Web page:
I’m getting married in less than 9 months, and we have decided we do not want some preacher, whom we don’t know, who might go off on a rant about God or Jesus, when neither are particularly important to my fiance and me, so we decided to ask a friend to officiate our wedding.
Our friend is an ordained Minister of the Univeral Life Church (http://www.ulc.org) which, to a lot of people, is practically meaningless. I mean, you can register your dog to be a minister of the ULC, and they won’t care.
Now, several states have laws making ULC ordinations practically meaningless for weddings. For example, Las Vegas STRICTLY regulates who can and cannot perform weddings, which KINDA makes sense, as it’s a for-profit business there.
North Carolina has case law that invalidated ULC marriages.(North Carolina v. Lynch 1981) The Mississippi Supreme Court apparently handed down an opposite decision, but I can’t find the case.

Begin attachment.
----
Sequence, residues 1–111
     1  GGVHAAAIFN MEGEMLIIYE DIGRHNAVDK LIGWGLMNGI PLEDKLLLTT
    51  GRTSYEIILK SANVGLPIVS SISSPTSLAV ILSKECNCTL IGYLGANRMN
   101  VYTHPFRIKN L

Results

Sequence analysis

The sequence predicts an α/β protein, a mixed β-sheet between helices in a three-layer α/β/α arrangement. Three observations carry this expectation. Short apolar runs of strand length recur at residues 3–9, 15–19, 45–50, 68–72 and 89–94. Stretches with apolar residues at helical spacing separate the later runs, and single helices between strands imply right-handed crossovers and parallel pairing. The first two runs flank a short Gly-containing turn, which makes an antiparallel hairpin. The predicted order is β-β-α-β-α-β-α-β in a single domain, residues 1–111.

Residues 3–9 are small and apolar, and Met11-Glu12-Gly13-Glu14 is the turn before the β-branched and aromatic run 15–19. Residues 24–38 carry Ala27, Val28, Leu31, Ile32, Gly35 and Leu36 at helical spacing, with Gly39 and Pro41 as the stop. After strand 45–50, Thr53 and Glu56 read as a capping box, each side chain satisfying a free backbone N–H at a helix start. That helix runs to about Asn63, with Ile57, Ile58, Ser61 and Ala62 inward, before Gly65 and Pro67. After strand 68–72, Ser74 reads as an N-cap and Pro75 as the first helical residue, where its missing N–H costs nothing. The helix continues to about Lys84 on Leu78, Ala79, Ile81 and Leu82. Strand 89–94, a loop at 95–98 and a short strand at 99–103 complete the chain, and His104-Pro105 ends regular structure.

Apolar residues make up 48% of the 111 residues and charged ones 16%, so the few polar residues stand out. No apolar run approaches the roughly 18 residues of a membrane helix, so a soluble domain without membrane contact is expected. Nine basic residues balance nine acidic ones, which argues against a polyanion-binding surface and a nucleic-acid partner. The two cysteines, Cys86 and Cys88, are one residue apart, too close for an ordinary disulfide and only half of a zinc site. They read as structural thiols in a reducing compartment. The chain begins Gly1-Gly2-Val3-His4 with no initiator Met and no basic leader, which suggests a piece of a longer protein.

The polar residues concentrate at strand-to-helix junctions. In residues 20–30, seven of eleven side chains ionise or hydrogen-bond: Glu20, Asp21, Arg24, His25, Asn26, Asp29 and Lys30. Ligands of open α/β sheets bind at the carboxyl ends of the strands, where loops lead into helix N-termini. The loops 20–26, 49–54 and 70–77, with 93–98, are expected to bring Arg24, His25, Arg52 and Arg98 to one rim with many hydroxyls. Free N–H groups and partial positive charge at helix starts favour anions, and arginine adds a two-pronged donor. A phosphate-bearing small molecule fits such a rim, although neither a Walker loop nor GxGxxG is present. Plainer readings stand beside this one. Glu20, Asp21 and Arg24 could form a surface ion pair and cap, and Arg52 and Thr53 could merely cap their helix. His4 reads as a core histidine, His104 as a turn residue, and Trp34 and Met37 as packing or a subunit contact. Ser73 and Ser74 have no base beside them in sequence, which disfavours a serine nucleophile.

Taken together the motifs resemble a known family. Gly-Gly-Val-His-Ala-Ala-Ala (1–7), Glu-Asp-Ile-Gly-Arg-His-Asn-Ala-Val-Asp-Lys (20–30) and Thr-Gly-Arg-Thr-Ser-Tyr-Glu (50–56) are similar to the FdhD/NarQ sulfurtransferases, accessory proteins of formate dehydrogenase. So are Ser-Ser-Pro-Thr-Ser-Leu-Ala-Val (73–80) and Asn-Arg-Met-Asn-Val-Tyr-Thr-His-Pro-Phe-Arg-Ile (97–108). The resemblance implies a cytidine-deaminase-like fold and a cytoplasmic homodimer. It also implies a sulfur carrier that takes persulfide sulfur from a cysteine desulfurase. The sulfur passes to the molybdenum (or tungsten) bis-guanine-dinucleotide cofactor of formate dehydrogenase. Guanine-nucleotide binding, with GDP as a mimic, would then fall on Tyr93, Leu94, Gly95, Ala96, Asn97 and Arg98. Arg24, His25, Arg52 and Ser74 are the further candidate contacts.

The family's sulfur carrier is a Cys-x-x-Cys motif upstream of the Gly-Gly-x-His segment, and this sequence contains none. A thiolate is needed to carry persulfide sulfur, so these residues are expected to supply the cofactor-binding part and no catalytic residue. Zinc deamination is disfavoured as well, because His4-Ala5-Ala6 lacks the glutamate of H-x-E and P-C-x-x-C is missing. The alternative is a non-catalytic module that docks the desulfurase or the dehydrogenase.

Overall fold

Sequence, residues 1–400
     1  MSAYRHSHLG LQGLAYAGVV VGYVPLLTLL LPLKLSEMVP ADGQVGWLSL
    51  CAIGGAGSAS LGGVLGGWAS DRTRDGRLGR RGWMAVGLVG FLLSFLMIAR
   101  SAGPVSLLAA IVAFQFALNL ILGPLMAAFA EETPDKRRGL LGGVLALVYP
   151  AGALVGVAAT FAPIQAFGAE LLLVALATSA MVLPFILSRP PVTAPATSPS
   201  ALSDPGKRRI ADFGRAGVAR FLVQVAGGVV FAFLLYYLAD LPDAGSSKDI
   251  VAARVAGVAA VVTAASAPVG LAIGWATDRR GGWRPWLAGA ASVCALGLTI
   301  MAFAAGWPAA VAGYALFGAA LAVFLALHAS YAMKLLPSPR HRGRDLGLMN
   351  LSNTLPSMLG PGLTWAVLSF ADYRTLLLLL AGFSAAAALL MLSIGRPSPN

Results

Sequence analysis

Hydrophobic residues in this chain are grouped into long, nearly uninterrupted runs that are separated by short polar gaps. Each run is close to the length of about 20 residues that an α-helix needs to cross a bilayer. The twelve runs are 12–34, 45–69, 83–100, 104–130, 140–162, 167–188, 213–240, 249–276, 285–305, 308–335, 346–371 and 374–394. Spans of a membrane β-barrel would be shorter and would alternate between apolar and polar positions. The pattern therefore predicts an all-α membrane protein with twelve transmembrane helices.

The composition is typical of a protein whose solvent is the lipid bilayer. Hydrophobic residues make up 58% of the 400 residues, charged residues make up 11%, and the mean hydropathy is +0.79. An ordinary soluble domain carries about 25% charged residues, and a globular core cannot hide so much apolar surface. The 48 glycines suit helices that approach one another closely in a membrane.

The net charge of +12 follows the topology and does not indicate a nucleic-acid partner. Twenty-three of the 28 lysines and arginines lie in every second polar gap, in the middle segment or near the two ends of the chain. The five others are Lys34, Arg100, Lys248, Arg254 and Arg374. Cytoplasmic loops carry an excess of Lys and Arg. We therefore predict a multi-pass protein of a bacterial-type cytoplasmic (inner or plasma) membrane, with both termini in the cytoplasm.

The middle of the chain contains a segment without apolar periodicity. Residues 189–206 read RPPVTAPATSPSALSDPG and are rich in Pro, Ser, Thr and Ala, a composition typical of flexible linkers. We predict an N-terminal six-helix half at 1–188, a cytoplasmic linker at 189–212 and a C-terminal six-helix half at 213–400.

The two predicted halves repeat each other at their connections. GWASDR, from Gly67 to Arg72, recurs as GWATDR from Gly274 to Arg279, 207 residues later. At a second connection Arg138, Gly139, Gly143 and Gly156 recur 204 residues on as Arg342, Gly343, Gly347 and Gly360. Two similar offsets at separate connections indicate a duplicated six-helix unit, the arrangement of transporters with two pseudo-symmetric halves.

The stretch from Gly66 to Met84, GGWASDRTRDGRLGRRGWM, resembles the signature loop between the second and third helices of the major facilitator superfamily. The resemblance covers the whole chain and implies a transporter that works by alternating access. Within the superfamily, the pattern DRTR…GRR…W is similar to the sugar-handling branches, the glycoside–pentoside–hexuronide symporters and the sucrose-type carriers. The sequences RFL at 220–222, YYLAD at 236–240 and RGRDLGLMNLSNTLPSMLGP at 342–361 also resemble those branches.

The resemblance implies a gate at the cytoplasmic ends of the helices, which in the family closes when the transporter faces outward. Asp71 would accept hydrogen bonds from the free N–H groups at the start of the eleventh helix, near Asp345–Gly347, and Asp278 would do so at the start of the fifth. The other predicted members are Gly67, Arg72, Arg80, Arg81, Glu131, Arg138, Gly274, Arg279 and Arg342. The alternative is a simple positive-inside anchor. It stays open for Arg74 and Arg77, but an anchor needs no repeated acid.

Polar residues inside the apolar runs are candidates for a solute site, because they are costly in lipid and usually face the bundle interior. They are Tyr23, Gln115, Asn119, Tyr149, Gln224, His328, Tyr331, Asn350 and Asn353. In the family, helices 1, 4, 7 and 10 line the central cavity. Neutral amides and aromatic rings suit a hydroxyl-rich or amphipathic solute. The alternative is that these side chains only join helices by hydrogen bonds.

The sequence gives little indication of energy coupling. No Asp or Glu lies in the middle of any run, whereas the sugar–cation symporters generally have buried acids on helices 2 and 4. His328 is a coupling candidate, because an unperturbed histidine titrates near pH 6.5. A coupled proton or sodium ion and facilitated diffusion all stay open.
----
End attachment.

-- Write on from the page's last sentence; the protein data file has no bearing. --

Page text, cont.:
The Tennesee Attorney General said he didn’t believe they were legal marriages, but as far as I know, no case law nor statute validates or invalidates his personal opinion.
I have found no time when it was an issue in Georgia. In the case of Tennesee and North Carolina, there were statutes passed that basically said “All past ULC weddings are now valid.” But it does NOTHING for me now.
My question is…how worried about this should I be? I don’t want some obscure case law in 10 years nullifying our marriage, as per NC v. Lynch, but I want my friend to be our “minister.”
Anyone have any idea on the binding and legal nature of these wedding ordinations, specifically in the State of Georgia, and of case law where courts HAD held that the ULC is a real church, with real ministers, that can perform real ceremonies?
How likely is this to mess up my life down the road? (e.g., if GA outlaws ULC, then we’re not married, which means our taxes for the past so many years can be called into question.)
I need to make sure I’m not making a mistake before it’s too late!
Thanks for any help/info.